The Story of Edgar Sawtelle by David Wroblewski.

Rereading: The Story of Edgar Sawtelle


If you haven’t read this book and want to, do NOT read this post!!!

You have been warned. 🙂

My year of rereading continues, although I am losing steam for the project. There are simply too many other books calling me to read them. Also, there’s this book ….

The Story of Edgar Sawtelle by David Wroblewski.
The Story of Edgar Sawtelle by David Wroblewski.

The Story of Edgar Sawtelle by David Wroblewski.

I am so heartsick by the ending of this book that I’m wondering what made me want to read it again. I think it’s because I psychologically blocked the ending. But, I remembered how wonderful the writing was, how the story swept me away, and I like books that can do that.

So, I read it again and was once again disappointed.

After I started reading, I noticed that I was getting tense as I closed in on the first hundred pages. That’s when Edgar’s dad, Gar, dies. I most assuredly remembered that from my first read.

Edgar is this lovely, sensitive boy who can’t speak. He can hear, but because he can’t use his voice, he speaks in sign. Edgar’s family breeds a special type of dog that is known for its intelligence. It’s the sort of dog I would want, except that its fictional, with Sawtelle dogs just being part of this book. Edgar grooms and trains the dogs, using sign to speak to them.

Once his dad is dead, it’s just Edgar and his mom running the breeding and training operation, which is exhausting for them both.

Of course, there is intrigue, because this wouldn’t be a story without something mysterious and bad. When Edgar’s dad dies in the barn, Edgar knows something is strange about his death. He feels responsible for the death because he can’t speak, so he can’t call for help using the phone. This is rural Wisconsin, so he’s not near enough to town to get anyone, either.

As it turns out, Gar’s brother Claude is the rat bastard who killed him. You can see the manipulation of this character throughout the book and it’s obvious he is the killer. Edgar knows this and he ends up running away with 3 of his dogs. So, then we follow him as he makes his way north toward Canada, stealing food and finding shelter wherever he can for himself and the dogs. This section of the book is a reprieve from the story at the farm, where Claude has moved in with Edgar’s mom. (This Claude is a real piece of work.) Even though Edgar is on the run and doesn’t have an easy go of it, at least he doesn’t have to deal with a killer uncle.

Edgar meets a nice man, Henry, who takes him and the dogs in when one of the dogs is injured. Henry ends up keeping 2 of the dogs and giving Edgar and his 1 remaining dog a ride back most of the way to the farm. This is a pleasant interlude before the dramatic and heartbreaking ending in which …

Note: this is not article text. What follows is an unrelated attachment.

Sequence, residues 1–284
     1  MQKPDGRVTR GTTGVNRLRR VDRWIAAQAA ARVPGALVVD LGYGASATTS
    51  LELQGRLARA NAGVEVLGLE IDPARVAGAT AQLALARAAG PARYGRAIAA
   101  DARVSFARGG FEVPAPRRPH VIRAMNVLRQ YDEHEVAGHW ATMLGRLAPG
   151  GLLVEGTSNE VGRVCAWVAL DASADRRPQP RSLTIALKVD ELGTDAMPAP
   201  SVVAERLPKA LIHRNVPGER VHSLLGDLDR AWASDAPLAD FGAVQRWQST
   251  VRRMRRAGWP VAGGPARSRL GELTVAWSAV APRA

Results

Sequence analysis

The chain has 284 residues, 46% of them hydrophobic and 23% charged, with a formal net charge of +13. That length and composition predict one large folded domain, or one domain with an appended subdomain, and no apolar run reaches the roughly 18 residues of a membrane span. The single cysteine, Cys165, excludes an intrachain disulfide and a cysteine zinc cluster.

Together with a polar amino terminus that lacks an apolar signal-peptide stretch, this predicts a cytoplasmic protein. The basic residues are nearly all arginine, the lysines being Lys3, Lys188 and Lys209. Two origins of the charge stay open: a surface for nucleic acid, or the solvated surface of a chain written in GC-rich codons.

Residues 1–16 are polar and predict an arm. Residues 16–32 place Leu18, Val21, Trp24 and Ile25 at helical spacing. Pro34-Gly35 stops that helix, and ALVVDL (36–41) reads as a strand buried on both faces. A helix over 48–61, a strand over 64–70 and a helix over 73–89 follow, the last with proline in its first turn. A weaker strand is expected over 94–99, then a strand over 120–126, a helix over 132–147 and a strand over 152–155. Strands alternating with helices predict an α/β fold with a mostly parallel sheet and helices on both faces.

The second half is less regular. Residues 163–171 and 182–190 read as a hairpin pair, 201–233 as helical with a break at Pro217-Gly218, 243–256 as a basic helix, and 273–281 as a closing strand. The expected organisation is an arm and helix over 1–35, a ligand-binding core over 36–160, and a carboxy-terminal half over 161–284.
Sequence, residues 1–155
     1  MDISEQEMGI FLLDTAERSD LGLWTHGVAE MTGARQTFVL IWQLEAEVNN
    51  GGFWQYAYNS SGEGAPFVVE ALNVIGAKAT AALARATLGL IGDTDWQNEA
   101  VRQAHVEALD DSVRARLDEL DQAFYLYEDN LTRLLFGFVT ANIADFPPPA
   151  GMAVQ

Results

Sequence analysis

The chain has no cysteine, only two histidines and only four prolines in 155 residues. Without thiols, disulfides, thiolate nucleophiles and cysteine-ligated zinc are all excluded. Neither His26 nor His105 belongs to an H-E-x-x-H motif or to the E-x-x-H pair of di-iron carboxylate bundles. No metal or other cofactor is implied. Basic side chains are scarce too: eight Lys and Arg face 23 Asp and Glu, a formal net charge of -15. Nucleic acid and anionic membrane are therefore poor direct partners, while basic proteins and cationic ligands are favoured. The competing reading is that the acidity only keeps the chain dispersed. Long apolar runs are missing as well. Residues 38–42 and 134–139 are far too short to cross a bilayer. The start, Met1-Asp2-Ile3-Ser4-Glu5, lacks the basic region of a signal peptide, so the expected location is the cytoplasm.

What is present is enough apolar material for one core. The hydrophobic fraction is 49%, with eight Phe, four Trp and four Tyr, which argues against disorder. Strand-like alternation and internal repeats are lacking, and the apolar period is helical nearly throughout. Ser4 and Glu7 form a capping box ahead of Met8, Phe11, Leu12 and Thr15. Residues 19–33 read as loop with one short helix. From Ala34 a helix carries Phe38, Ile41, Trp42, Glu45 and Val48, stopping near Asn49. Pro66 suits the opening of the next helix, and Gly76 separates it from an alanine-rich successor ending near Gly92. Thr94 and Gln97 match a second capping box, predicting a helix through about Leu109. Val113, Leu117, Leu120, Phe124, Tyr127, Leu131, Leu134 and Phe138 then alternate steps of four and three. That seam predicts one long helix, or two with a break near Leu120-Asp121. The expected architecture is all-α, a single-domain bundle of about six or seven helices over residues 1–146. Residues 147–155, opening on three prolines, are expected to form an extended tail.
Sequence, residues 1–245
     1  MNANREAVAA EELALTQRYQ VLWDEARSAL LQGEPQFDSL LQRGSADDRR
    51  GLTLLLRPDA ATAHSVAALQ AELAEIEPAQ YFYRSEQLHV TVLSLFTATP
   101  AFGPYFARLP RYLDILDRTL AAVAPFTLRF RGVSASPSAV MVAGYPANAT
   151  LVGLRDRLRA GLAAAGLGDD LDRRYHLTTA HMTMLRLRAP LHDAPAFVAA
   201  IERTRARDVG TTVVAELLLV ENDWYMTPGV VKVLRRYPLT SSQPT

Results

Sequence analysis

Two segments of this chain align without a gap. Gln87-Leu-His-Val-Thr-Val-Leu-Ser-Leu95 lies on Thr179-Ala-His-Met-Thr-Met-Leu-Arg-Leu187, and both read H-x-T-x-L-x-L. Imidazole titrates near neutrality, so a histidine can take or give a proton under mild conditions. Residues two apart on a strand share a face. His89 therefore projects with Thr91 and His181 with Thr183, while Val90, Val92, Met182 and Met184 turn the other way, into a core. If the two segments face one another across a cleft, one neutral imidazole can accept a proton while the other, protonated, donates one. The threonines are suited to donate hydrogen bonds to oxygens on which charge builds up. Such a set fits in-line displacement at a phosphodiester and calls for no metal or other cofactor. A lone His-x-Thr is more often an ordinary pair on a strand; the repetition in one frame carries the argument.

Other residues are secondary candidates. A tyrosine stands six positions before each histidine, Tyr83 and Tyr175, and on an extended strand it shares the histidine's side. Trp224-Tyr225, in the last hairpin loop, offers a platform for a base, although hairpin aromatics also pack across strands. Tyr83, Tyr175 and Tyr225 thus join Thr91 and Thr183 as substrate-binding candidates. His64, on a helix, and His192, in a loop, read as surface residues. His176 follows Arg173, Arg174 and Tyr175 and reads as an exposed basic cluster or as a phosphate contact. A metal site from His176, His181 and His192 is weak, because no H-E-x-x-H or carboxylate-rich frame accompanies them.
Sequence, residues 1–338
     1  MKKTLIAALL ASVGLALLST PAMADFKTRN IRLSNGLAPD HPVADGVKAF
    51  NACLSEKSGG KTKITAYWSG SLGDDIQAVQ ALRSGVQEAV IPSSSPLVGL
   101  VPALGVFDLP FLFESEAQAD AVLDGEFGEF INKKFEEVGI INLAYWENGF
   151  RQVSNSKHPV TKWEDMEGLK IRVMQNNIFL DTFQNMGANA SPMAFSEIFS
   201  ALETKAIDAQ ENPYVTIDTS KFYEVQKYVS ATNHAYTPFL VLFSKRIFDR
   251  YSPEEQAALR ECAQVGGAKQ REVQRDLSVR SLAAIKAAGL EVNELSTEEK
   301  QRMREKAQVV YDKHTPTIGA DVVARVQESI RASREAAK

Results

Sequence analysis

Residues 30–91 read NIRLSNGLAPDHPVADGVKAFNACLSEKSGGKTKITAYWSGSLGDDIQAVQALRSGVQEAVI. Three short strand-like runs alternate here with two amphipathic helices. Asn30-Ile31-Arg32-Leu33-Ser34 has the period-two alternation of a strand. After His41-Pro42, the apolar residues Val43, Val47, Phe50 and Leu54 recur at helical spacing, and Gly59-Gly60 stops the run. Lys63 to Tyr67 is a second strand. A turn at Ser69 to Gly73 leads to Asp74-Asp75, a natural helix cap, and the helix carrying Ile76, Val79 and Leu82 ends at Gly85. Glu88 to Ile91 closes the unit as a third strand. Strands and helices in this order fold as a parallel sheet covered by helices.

… the Sheriff is blinded,

Edgar’s mom is pinned down and can’t do a thing,

the barn goes up in flames,

Edgar saves all the dogs and a bunch of the breeding records,

Edgar is poisoned by Claude and dies,

and Claude can’t find his way out of the burning barn and dies.

Good lord! This is a book in which every major character dies or is horribly injured for life. For heaven’s sake, what utter tragedy. Can’t anything good have happened? I mean, sure, Claude dies, but couldn’t Edgar have lived? Jeez, what a major downer. I’d say this is sadder than The Old Man and the Sea, which I deemed the Saddest Book Ever in 2016.

So, if you want a book that carries you through with excellent writing but will make you cry for its unfairness to the main character, read this one. Me, I’m going to put it away on a shelf and avoid it for a good long time.

2 thoughts on “Rereading: The Story of Edgar Sawtelle”

  1. Did you hear Oprah’s interview with the author where he said this was the first of a trilogy??? I have heard nothing about either of the other two parts of the total story since, but I have hope.

    When I read it for the first time I wanted to go find the author and slap him senseless. I also thought the author might have made his publisher so unhappy with continued delays that to finally meet his deadline everyone was just terminated. Then I heard the interview where the comparison to Hamlet was mentioned and the concept of the trilogy was presented.

    Have hope at age 86 , I hope he hurries 💕

    1. Hi, Rae – No, I don’t remember ever seeing the episode of Oprah where the author was interviewed. Your comment is the first I have heard about this being part of a trilogy. Makes me curious as to what has happened to sideline the other parts. Hmmm.

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